USA – The World Health Organisation (WHO) has unveiled a new plan to eliminate the use of trans fats, calling for the gains made against the harmful acids in richer countries to be spread worldwide.
Industrially produced trans-fatty acids, such as margarine and some hardened vegetable fats, are popular among food producers because they are cheap and typically have a long shelf life.
According to WHO statistics, trans fats have also been blamed for more than 500,000 deaths annually, given their link to cardiovascular diseases.
The head of the UN’s health agency, Dr Tedros Adhanom Ghebreyesus, said that while wealthier nations have made strides in banning trans fats, “we need to extend those efforts globally”.
WHO noted in a media release that controls against trans fats were weaker in low-and middle-income countries.
“The bottom line here is that this the beginning of the end for industrially produced trans fats,” said Tom Frieden, who heads the Resolve to Save Lives advocacy group, which has partnered with the WHO on the push to eliminate the products.
Dr. Thomas R. Frieden is the former New York City health commissioner who was also a driving force behind the trans fat ban.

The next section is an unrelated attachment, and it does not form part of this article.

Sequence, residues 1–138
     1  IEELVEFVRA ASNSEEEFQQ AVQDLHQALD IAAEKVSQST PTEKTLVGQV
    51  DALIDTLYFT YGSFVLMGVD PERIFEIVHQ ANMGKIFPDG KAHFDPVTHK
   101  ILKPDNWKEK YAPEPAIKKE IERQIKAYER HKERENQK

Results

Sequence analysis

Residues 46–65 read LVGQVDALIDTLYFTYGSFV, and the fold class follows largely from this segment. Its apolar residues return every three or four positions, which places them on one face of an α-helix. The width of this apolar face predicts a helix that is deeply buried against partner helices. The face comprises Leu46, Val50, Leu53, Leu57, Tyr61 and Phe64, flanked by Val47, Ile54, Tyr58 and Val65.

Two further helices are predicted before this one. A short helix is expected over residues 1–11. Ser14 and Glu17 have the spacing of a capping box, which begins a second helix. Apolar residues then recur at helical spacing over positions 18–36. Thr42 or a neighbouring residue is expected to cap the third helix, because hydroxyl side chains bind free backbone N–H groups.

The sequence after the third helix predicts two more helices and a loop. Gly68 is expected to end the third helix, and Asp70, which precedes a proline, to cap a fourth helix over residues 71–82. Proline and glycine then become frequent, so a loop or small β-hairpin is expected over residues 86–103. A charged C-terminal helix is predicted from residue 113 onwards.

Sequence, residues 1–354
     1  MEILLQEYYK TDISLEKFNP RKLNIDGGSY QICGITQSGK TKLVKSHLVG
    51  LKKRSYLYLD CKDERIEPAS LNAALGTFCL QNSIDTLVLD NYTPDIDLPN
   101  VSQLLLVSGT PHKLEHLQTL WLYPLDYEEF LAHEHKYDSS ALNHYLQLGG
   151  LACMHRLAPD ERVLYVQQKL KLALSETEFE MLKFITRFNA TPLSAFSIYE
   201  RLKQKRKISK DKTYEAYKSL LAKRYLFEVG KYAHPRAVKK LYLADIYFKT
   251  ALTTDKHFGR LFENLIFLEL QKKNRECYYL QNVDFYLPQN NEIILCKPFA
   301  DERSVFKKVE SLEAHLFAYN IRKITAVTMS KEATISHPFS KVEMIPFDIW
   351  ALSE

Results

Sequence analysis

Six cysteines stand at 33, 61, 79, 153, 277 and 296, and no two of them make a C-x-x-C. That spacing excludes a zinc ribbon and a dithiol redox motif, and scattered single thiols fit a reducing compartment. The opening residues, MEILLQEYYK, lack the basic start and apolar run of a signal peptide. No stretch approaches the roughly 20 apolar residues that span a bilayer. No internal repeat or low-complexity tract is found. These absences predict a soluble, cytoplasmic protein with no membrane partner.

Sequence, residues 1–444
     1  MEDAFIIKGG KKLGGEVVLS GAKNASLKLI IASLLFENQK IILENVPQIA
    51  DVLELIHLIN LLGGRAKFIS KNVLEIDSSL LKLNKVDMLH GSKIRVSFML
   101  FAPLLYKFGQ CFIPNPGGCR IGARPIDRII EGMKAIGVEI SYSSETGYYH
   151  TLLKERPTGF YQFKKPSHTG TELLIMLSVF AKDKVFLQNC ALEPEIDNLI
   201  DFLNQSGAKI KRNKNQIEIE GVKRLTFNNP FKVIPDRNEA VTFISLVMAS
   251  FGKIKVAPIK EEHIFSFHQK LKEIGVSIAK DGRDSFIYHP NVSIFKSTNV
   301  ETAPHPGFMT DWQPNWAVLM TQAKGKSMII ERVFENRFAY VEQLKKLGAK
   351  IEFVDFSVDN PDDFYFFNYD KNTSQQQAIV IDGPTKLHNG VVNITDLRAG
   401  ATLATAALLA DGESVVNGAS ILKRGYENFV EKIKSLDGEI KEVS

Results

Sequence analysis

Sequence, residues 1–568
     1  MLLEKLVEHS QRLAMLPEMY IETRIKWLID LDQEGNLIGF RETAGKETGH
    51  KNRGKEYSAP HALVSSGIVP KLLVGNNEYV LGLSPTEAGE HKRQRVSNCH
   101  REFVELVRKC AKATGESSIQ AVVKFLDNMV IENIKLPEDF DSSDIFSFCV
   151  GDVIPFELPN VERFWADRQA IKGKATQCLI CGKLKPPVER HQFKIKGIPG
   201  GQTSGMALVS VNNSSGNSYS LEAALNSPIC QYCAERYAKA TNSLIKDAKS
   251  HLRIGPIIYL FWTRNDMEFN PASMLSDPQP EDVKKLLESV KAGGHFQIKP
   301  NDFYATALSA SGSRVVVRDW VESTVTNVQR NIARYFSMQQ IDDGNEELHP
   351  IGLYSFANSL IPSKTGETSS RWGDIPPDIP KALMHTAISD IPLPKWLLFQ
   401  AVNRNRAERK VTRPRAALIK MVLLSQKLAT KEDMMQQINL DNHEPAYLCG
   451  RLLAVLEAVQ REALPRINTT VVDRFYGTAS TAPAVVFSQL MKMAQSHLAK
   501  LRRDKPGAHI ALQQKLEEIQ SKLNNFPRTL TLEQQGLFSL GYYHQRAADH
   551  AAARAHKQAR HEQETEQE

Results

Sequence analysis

Frieden told reporters that New York City’s success in banning trans fats from restaurants a decade ago proved that they “can be eliminated without changing the taste, availability or cost of great food.”
The strategy to eliminate trans fats, dubbed Replace, calls for a broad awareness and advocacy campaign as well as legislative action worldwide “to eliminate industrially-produced trans fats”.
Tedros said curbing the use of trans fats would be a centrepiece of the WHO’s efforts to cut deaths from noncommunicable diseases by a third before 2030, which is one of the UN’s Sustainable Development Goals.
According to the New York Times, the W.H.O.’s effort was a low-cost way for developing countries to reduce mortality from cardiovascular disease, which claims 17 million lives a year.
“If the world replaces trans fats, people won’t taste the difference, food won’t cost more, but your heart will know the difference,” said Dr. Frieden.